Also in the wings of the meetings, I was able to exchange views with some of the leaders. With President Roh Moo Hyun, I was able to exchange views very candidly on matters such as the bilateral relationship and matters of common interest notably North Korea issues. With President Lagos of Chile, we agreed to launch the Japan-Chile Economic Partnership Agreement (EPA) negotiations. Between myself and Prime Minister Martin of Canada, we signed the Japan-Canada Economic Framework Document, and we confirmed our understanding that we will make progress towards creative economic relations between our two countries as spelled out in the joint statement of this past January.

We were blessed with very fine weather, and I would like to deeply thank the very warm hospitality extended by the Government of the ROK and its people in this hometown of President Roh Moo Hyun.

II. Question on Japan's diplomacy on Asia

Journalist: Ito, Mainichi Shimbun. Prime Minister, from the summit meeting with the US recently, and with the ROK, and your remarks made in the APEC plenary meetings, I understand that you are of the view that the relationships with ROK and China, despite visits to Yasukuni Shrine or different recognition of history, the friendly relationships with the two countries can be deepened through economic and cultural exchanges as well as by maintaining the Japan-US alliance amicably.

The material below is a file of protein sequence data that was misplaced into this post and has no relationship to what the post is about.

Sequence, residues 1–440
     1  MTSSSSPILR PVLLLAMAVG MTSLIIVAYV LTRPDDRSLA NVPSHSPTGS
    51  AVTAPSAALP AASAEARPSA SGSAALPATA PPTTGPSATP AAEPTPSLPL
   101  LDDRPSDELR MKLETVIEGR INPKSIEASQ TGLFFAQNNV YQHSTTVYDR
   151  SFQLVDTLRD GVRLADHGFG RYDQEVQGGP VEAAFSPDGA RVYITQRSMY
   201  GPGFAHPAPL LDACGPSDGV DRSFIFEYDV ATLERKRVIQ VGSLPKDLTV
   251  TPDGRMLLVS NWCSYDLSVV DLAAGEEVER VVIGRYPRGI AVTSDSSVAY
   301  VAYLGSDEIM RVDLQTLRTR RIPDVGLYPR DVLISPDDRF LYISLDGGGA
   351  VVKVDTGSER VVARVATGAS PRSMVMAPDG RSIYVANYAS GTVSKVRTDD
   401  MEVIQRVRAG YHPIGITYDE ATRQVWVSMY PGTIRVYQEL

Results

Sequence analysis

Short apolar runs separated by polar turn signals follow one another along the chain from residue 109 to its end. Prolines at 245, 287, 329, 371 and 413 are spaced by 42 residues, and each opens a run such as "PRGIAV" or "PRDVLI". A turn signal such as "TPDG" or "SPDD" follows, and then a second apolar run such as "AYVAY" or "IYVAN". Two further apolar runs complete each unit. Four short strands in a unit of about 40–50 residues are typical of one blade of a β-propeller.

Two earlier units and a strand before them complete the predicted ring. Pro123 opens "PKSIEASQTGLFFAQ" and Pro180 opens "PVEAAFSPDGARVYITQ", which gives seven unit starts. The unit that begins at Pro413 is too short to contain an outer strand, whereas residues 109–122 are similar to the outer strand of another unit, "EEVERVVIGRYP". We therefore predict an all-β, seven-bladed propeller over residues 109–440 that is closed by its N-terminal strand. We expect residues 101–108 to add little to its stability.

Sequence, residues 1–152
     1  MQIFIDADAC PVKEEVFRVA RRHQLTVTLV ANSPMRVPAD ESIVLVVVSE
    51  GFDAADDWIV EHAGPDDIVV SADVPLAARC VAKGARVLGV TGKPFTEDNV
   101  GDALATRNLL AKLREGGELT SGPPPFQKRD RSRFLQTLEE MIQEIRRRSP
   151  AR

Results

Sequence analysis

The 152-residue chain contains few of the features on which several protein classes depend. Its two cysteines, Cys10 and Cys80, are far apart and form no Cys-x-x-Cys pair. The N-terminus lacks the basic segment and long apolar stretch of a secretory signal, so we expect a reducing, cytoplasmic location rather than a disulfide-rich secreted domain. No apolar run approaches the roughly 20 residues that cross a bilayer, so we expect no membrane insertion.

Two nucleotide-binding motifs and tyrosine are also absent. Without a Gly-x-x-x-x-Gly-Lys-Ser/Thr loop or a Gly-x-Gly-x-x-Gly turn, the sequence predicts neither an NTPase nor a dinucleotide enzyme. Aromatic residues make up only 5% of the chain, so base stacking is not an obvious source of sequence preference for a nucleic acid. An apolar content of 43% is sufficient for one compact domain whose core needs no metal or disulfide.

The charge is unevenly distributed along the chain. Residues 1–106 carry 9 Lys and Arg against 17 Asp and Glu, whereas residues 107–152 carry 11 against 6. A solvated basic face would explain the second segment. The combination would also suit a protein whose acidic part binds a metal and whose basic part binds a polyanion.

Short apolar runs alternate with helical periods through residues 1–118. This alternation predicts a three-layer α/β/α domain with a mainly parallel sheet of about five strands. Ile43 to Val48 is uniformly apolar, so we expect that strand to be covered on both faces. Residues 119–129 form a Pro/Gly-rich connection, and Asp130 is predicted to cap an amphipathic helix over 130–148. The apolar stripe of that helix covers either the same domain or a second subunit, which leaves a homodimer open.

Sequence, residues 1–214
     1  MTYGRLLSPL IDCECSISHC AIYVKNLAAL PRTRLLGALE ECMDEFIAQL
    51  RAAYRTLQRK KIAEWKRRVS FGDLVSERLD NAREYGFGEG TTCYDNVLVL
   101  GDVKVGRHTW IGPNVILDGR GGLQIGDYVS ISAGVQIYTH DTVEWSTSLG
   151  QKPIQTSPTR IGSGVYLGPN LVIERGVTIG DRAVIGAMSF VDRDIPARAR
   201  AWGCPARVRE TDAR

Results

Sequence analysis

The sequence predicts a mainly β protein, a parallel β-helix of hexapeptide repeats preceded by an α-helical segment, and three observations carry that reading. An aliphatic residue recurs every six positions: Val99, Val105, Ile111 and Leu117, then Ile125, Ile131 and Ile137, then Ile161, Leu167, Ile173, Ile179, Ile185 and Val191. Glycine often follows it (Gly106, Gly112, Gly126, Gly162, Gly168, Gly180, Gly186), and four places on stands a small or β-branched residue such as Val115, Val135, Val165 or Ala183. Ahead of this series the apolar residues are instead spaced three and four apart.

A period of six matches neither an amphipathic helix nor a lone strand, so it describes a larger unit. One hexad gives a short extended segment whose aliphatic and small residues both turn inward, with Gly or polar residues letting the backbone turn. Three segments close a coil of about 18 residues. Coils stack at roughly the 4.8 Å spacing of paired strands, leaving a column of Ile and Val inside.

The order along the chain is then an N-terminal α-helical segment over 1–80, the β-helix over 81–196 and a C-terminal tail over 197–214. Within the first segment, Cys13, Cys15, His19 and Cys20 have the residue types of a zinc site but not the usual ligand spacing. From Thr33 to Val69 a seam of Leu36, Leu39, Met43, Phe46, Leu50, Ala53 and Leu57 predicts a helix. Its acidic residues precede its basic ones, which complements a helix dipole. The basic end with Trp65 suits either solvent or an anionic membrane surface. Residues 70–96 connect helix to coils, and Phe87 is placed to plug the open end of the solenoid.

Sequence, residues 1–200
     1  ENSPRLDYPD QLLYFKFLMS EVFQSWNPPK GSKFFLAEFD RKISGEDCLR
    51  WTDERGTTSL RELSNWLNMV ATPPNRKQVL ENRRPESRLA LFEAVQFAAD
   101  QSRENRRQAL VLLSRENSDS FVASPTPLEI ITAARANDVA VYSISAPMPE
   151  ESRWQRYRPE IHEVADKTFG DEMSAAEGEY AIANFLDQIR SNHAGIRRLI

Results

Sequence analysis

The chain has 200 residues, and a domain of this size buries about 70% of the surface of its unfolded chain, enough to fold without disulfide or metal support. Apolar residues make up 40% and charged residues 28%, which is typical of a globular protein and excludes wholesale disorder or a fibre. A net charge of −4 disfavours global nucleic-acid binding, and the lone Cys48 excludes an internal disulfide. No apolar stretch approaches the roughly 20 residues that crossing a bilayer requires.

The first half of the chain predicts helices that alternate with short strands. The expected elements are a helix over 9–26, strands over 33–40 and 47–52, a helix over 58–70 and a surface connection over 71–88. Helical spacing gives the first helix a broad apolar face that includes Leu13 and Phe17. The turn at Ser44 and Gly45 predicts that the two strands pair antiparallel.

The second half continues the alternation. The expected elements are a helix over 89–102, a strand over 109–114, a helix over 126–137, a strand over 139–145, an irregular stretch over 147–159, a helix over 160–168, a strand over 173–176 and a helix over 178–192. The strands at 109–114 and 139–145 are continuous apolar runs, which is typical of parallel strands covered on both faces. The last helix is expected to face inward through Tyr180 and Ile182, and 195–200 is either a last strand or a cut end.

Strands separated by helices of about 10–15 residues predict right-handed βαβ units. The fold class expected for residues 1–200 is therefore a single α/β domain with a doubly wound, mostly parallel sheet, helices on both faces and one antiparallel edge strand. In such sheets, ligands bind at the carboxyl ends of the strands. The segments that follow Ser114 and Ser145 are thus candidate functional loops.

You have your tenure until next September, less than a year from now. With this kind of approach, how do you envision the possibility of a breakthrough in the relationships with both countries during the remaining days of your tenure?